Original Article

International Journal of Obesity (2017) 41, 689–696; doi:10.1038/ijo.2017.30; published online 7 March 2017

Clinical Studies and Practice

Time spent in sedentary posture is associated with waist circumference and cardiovascular risk

W W Tigbe1, M H Granat2, N Sattar3 and M E J Lean4

  1. 1Division of Health Science, Warwick Medical School, University of Warwick, Coventry, UK
  2. 2School of Health Sciences, Brian Blatchford Building, University of Salford, Salford, UK
  3. 3Institute of Cardiovascular and Medical Sciences, BHF Glasgow Cardiovascular Research Centre, University of Glasgow, Glasgow, UK
  4. 4School of Medicine, Life-Course Nutrition and Health, University of Glasgow, Glasgow, UK

Correspondence: Dr WW Tigbe, Division of Health Science, Warwick Medical School, University of Warwick, Gibbet Hill Road, Coventry CV4 7AL UK. Email: W.W.Tigbe@warwick.ac.uk

Received 8 July 2016; Revised 14 January 2017; Accepted 22 January 2017
Accepted article preview online 31 January 2017; Advance online publication 7 March 2017





The relationship between metabolic risk and time spent sitting, standing and stepping has not been well established. The present study aimed to determine associations of objectively measured time spent siting, standing and stepping, with coronary heart disease (CHD) risk.



A cross-sectional study of healthy non-smoking Glasgow postal workers, n=111 (55 office workers, 5 women, and 56 walking/delivery workers, 10 women), who wore activPAL physical activity monitors for 7 days. Cardiovascular risks were assessed by metabolic syndrome categorisation and 10-year PROCAM (prospective cardiovascular Munster) risk.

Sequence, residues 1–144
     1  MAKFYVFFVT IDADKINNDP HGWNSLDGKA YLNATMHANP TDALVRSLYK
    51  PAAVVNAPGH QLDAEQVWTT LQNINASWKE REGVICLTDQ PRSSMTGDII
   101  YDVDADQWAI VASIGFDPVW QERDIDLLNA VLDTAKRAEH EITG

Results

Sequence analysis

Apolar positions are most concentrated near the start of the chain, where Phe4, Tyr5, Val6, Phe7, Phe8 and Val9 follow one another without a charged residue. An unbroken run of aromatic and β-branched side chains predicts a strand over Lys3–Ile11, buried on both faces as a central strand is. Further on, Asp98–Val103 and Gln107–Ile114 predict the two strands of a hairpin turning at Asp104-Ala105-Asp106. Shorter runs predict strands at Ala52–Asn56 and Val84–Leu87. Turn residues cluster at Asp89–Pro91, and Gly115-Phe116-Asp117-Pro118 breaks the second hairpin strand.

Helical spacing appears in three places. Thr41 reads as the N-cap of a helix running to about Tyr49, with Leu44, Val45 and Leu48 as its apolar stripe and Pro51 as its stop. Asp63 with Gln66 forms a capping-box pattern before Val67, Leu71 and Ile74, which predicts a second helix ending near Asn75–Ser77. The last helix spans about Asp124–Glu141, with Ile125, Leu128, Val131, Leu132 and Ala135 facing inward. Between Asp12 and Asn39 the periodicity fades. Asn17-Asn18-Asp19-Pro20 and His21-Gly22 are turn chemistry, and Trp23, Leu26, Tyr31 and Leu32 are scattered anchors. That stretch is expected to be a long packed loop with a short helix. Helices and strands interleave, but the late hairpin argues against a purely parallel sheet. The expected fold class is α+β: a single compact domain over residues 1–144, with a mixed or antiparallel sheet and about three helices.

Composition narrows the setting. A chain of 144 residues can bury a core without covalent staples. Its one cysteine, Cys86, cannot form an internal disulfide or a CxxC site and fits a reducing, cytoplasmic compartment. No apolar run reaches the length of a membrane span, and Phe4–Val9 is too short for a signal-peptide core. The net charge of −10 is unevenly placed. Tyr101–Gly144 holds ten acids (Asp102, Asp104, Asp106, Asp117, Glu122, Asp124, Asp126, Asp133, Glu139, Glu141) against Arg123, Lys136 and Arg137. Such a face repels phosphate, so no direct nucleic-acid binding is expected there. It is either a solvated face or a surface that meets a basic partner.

Mean (s.d.) age was 40 (8) years, body mass index 26.9 (3.9)kgm−2 and waist circumference 95.4 (11.9)cm. Mean (s.d.) high-density lipoprotein cholesterol (HDL cholesterol) 1.33 (0.31), low-density lipoprotein cholesterol 3.11 (0.87), triglycerides 1.23 (0.64)mmoll−1 and 10-year PROCAM risk 1.8 (1.7)%. The participants spent mean (s.d.) 9.1 (1.8)h per day sedentary, 7.6 (1.2)h per day sleeping, 3.9 (1.1)h per day standing and 3.3 (0.9)h per day stepping, accumulating 14708 (4984) steps per day in 61 (25) sit-to-stand transitions per day. In univariate regressions—adjusting for age, sex, family history of CHD, shift worked, job type and socioeconomic status—waist circumference (P=0.005), fasting triglycerides (P=0.002), HDL cholesterol (P=0.001) and PROCAM risk (P=0.047) were detrimentally associated with sedentary time. These associations remained significant after further adjustment for sleep, standing and stepping in stepwise regression models. However, after further adjustment for waist circumference, the associations were not significant. Compared with those without the metabolic syndrome, participants with the metabolic syndrome were significantly less active—fewer steps, shorter stepping duration and longer time sitting. Those with no metabolic syndrome features walked >15000 steps per day or spent >7h per day upright.



Longer time spent in sedentary posture is significantly associated with higher CHD risk and larger waist circumference.

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